The Fort Smith Regional Art Museum has big plans for 2019. A $12 million endowment from the Windgate Foundation will make certain the center can focus on those plans.
The recently awarded endowment will be used for programs and events and for the museum’s general operations, said Louis “Lou” Meluso, FSRAM executive director.
“It will allow us to keep the doors open, the lights on and salaries paid. It will support the free programs we provide to children and adults and exhibitions. It will allow us to remain accessible and free to everyone and continue our outreach to diverse and underserved populations,” Meluso said.
The Windgate Foundation has been a long-time supporter of FSRAM and of the arts in Arkansas and Fort Smith, as is evidenced by the Windgate Art & Design building at the University of Arkansas at Fort Smith.
When Meluso took the job as executive director of FSRAM 15 months ago, he was told there was potential of a Windgate endowment, but he was surprised when he received the call from Pat Forgy, the new director of the Windgate Foundation, that the endowment had been granted.
“They have always supported the museum. But this is a long-term commitment to the mission of the museum for art and art education,” Meluso said. “It’s a commitment to the arts and to the arts in Arkansas, in a hopeful future, a glimmer of the future development of the art center.”
Included in the future of FSRAM is a new student gallery on the museum’s B level that will exhibit art from students of all ages — children to adult students.
“That’s the dream of art students — isn’t it — to have their art in an exhibit?” Meluso said.
The museum also will open the Dr. W.E. Knight Boehm Gallery in the first quarter of this year.
Knight, who was an orthopedic surgeon in Fort Smith in the 1970s, and his wife donated over 100 pieces of porcelain figurines by Edward Marshall Boehm to the museum years ago. Boehm was an American figurative expressionist sculptor, known for his porcelain figures of wildlife, mostly birds, which he created using the ancient Chinese process of porcelain work that was used in Ming vases and other artistic pieces, Meluso said.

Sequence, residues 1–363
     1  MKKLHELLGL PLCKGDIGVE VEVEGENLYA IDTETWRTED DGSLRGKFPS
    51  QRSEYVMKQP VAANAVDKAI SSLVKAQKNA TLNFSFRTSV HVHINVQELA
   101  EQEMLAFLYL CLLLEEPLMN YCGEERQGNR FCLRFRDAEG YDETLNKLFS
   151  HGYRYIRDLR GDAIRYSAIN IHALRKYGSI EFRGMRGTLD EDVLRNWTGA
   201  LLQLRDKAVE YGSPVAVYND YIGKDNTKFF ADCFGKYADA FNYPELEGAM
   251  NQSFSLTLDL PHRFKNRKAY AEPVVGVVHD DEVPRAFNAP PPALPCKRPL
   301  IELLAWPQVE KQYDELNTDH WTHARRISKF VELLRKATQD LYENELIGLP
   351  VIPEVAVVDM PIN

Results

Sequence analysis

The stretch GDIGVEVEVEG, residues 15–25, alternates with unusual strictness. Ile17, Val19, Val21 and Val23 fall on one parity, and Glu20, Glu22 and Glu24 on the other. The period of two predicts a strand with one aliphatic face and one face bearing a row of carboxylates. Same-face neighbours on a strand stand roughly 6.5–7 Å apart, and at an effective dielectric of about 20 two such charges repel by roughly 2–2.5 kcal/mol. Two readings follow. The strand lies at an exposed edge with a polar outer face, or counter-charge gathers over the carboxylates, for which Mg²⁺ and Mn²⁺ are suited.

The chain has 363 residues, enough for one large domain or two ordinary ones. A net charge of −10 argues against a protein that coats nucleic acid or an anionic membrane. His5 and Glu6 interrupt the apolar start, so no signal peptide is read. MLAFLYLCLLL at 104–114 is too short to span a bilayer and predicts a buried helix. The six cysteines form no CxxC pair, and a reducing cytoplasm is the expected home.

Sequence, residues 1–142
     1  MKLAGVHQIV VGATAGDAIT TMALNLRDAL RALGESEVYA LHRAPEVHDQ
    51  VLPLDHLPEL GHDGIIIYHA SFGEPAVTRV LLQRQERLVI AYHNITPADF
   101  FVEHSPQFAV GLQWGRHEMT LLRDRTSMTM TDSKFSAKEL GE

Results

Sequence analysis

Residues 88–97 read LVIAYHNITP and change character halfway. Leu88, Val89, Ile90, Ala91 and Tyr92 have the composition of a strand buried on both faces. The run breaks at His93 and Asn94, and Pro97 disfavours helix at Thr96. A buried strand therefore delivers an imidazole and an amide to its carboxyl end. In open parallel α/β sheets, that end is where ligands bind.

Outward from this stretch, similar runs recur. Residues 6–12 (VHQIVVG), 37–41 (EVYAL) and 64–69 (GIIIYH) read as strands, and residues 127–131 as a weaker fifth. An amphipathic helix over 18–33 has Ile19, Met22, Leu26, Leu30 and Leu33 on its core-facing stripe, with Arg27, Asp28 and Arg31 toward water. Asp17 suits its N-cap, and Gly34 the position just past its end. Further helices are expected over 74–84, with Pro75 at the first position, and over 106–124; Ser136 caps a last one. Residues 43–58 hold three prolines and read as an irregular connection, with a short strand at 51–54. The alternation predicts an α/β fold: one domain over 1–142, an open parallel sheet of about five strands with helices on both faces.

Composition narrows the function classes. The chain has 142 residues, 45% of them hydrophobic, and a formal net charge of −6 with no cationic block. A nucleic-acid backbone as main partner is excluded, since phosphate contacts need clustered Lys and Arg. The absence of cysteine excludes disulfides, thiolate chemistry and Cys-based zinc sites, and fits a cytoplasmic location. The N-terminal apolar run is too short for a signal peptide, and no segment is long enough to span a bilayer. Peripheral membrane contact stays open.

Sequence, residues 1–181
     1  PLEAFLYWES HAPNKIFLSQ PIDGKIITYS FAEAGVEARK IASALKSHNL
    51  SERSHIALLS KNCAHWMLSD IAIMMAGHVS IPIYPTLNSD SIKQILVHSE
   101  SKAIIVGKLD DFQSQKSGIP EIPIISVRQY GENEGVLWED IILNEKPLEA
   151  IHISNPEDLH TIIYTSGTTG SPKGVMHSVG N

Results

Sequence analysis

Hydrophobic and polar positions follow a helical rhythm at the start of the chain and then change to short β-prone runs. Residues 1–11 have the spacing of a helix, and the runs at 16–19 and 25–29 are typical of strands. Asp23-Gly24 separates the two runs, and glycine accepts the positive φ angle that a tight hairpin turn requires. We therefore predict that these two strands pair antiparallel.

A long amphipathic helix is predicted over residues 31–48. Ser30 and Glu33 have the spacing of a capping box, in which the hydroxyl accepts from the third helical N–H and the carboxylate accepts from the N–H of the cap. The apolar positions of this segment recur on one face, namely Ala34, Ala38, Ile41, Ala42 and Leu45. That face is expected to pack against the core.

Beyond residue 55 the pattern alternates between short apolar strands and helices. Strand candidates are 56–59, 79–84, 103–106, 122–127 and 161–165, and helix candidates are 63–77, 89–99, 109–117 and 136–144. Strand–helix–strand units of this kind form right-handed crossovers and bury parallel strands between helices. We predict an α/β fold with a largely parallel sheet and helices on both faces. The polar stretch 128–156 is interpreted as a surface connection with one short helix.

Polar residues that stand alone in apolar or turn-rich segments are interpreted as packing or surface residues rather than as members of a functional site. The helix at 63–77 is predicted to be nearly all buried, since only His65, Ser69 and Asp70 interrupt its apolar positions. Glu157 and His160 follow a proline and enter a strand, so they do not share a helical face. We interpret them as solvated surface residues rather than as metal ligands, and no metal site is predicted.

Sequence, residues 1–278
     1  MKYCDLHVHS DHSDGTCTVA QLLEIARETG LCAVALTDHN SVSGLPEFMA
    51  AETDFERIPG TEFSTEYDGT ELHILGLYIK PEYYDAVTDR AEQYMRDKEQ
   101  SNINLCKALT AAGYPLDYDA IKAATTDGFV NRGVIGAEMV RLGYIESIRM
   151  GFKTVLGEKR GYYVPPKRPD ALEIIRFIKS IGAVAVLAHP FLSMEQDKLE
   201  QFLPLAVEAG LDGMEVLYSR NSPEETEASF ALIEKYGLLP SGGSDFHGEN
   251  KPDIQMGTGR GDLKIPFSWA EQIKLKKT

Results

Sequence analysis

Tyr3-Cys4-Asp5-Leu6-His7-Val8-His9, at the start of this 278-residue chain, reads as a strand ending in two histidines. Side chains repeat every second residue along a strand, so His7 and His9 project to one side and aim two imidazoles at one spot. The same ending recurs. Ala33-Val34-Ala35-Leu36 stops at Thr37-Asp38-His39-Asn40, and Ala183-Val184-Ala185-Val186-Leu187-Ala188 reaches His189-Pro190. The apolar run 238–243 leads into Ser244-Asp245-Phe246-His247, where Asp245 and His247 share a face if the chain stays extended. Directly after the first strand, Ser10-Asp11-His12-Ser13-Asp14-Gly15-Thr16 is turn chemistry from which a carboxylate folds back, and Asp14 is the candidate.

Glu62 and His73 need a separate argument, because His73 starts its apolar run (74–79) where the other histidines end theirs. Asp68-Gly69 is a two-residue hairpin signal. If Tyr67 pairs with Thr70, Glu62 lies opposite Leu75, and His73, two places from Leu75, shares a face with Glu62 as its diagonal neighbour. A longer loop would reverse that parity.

The FSRAM exhibit will be the largest exhibit of Boehm figurines in the state of Arkansas, he added.
“I learned of these after I came here. The board was asking what we wanted to do with them. They were donated when the museum was still downtown and are in storage. I absolutely wanted to keep these examples of natural history. They are some of the best example of the 2,000 year-old Chinese porcelain process,” Meluso said. “It is unique. It becomes of intellectual and artistic interest to the community and visitors.”
The museum also opened its touch museum on the first floor that allows visitors to experience the touch of sculptures and paintings.
Another major goal of the museum in 2019 is to focus on getting AAM certification, bringing in more exhibits and collaborating with local and regional artists.
“My goal, our goal, is to make a difference in the cultural lives of individuals. My mission is the museum’s mission,” Meluso said. “We have to consider the type of programs that will make a difference to this community. We have big ideas, there is a crucible of ideas in this area, to create inquiring and enhancing cultural elements to enhance this area. There is already so much going on with the Unexpected, the US Marshals Museum and the Fort Smith Museum of History. Former Mayor Sandy Sanders set the tone for Fort Smith to be on the path as a leader in the arts. This area really impresses me.”
The museum had about 10,000 visitors in 2018, up 30% from the previous year, he said.
The museum will receive a quarterly stipend from the endowment, which is being professionally managed, but will need to continue its fundraising efforts in order to expand education programs and offer more and diverse exhibits, Meluso said.
“This endowment takes away some of the uncertainty, but it is a never-ending challenge to raise funds for programs, exhibits and educational programs,” Meluso said. “We have many supporters in this community, and they have been very generous with money and time and expertise.”
The museum will host its annual fundraiser — RAM’s Annual Art Affair: Love Art — from 6:30 to 10 p.m. Feb. 9. The event will include live jazz music from After 5 Jazz, entertainment from Duo Bravo, a fun cocktail hour, appetizers from 21 West End, raffle prizes, door prizes and more. Tickets for the black tie optional event are $75. To reserve a ticket, visit fsram.org/exhibitions/loveArt; call (479) 784-2787; or email firstname.lastname@example.org.